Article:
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Sermon - Christmas 2021

Glory to God in the Highest. Peace on Earth. Good will to Men. In the Name...

Well, let me wish all of you a very merry and wonderful Christmas. It is a merry and wonder-filled time of year, isn't it? It's so magical, so unreal. A saintly 5th century Greek bishop, Nicholas, has been morphed into a jolly old elf who flies from the North Pole bearing gifts. We bring trees into our houses, complete with falling needles, and festoon them with lights, garlands, and ornaments. We set up manger scenes in our homes or on our lawns. And yet, at the heart of it all is a passage of scripture that doesn't mention trees, or presents, or even shepherds or stars, Wise Men or angels. Instead, all it says was that The Word was made flesh and dwelt among us. God became Man, and that is the heart and soul of Christmas.

It's always seemed strange to me, then, that some of what are considered classic Christmas movies don't seem to have anything really to do with this miraculous event. I mean, where is the birth of Christ in Scrooge, or "It's A Wonderful Life", or the story of the Grinch? It doesn't seem to be there. But, we might find, to our surprise, that there is, in fact, quite a bit we can learn about the meaning of the Incarnation from those stories.

In the secular world, Christmas ends tomorrow, but, for the Church, tomorrow is the beginning of the Christmas Season which lasts for twelve days until we reach a Festival called the Epiphany. That's a Greek word meaning "to show forth" and, for Christians, it's the climax of the season, showing forth Christ to the nations of the world as represented by the visit of the Three Wise Men. You see, the Birth in the manger is all well and good to remember, but, the existence of the Saviour has to be made known for the Birth to be of any value to us, as individuals.

A great saint once wrote that "He who has found the Christ, must become a Christ to others." "He who has found the Christ, must become a Christ to others." And if Christmas is to be something more than an excuse for a party, it must lead us on, forward to the Epiphany; to the work of making the Incarnate Word known to the world by the way we live, the things we say and do, 365 days a year.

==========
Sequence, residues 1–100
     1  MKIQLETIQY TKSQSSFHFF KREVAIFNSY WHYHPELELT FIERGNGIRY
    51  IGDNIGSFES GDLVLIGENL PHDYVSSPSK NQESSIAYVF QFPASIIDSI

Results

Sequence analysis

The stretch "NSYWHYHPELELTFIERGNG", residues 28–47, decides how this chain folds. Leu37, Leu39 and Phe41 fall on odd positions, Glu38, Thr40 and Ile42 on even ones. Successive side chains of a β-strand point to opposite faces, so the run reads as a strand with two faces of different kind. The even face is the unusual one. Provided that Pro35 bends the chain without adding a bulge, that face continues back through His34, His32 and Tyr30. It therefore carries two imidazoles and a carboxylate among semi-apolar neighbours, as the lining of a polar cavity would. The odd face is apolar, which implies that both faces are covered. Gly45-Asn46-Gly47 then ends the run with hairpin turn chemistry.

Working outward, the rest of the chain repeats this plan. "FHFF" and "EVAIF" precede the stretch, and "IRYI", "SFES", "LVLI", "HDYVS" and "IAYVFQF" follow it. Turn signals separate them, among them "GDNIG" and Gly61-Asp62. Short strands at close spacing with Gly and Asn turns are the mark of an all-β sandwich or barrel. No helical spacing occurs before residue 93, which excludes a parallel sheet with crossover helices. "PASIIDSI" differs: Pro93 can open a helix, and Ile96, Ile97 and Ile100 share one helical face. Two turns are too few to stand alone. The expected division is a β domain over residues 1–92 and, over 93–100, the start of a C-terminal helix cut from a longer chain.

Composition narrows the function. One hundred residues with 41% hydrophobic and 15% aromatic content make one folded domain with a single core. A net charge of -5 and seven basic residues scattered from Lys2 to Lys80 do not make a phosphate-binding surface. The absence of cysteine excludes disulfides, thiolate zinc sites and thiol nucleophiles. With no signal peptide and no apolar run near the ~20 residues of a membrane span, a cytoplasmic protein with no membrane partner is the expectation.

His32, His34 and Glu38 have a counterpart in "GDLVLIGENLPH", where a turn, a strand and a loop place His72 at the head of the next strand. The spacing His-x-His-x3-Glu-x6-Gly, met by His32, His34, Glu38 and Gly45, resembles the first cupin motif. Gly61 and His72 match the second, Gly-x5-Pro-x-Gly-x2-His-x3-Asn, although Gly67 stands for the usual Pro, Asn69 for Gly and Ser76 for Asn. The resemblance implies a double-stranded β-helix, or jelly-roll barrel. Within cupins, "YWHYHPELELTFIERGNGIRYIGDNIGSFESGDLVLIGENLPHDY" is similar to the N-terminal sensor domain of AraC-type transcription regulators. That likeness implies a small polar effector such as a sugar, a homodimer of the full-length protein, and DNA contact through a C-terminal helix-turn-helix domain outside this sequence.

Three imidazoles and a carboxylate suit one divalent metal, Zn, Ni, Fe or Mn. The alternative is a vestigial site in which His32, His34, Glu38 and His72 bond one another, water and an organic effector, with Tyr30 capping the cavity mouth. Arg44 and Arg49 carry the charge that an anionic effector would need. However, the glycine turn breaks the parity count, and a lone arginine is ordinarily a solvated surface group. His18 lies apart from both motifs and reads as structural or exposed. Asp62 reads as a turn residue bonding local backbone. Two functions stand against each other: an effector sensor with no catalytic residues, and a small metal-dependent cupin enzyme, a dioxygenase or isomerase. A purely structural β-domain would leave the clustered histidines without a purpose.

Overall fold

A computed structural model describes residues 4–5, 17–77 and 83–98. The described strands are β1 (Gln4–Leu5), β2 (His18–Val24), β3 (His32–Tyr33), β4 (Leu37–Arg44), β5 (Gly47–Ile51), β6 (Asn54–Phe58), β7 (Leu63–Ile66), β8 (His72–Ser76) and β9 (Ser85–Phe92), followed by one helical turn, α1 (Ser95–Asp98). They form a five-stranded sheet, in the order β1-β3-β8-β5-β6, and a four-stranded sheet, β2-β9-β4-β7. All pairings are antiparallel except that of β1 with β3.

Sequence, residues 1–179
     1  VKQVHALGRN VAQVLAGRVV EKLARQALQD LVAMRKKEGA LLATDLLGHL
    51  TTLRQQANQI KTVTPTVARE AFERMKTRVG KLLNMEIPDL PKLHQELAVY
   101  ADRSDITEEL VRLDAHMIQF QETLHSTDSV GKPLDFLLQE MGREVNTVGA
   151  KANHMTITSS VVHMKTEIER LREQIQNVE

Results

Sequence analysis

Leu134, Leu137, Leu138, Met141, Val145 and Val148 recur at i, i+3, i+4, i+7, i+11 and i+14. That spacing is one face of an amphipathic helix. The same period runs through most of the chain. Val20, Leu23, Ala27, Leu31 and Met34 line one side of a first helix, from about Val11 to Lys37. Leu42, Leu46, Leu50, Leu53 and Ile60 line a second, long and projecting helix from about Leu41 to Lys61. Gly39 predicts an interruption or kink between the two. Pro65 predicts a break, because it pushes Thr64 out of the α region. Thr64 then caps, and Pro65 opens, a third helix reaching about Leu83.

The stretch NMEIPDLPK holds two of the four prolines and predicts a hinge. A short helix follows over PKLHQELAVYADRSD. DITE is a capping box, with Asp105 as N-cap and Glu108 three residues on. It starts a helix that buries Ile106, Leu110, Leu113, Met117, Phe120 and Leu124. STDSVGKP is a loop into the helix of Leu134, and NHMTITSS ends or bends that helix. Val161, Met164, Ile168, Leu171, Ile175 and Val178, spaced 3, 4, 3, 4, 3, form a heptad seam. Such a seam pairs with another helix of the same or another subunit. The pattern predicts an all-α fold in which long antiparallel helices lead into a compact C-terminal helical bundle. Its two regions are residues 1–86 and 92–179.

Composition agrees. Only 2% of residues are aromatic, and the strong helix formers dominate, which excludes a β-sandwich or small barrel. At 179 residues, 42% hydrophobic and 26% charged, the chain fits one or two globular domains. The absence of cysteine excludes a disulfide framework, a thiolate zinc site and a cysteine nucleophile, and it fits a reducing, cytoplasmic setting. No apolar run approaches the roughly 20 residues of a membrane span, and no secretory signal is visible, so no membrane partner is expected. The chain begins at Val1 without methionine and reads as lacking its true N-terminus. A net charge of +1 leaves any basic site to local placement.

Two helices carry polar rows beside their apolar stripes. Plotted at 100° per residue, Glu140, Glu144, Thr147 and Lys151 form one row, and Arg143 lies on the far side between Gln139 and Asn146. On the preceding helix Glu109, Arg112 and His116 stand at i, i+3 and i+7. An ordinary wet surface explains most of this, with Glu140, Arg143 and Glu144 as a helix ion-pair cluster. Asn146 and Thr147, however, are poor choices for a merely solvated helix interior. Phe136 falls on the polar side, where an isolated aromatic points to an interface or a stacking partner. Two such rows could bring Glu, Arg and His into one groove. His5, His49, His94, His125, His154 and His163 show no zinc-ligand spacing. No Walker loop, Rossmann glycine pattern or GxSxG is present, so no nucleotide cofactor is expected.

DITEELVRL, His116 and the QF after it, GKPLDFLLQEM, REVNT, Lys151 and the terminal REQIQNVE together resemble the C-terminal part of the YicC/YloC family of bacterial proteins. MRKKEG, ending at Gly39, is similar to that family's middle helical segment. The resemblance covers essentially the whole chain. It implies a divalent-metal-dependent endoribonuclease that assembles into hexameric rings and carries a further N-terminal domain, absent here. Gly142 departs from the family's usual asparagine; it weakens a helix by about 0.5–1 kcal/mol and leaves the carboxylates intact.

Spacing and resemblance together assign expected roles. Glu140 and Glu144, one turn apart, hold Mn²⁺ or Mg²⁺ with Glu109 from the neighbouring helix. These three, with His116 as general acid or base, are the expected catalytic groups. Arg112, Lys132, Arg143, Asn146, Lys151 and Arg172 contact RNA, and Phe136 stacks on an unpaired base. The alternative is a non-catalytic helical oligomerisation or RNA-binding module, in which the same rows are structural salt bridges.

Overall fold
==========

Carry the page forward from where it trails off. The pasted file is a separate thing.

That’s the tragedy of Scrooge. It’s not that he's a miser, but that he hates people. It's not only the poor; he treats his own middle-class nephew with contempt. He doesn't see any value in human relationships or in making life, even his own, better. He agonizes over the ha'penny cost of having another slice of bread with his soup. He considers himself a man of business, but Marley's Ghost admonishes him "Mankind is our business."

Every one of us is called by God to that business. To bring peace, unity, and concord to a world of brokenness, grief, and pain. To give hope to the hopeless, love to the unloved, encouragement to the discouraged, food to the hungry, shelter to the homeless, jobs for the unemployed. And not just once a year.

That's what George Bailey discovers in "It's a Wonderful Life." He thinks he's a failure because he never realized his dreams of building monumental bridges in exotic parts of the world. But, instead, he finds that he has built hundreds of little ones connecting the people of Bedford Falls, NY. And, despite the dastardly deeds of the Grinch, the Whos down in Whoville sing, "Christmas is within our grasp so long as we have hands to clasp." That chain of clasping hands began in Bethlehem and has built bridges across continents and centuries.

Christmas comes, not just once a year, but, whenever the knowledge of Jesus Christ is given birth within another human being. So, what difference has Christ made in your life? What difference have you made in the lives of others? What does the Incarnation mean to you?

The Word was made flesh and dwelt among us. Tonight, we celebrate it. Tomorrow, let's do something about it.

In the Name...

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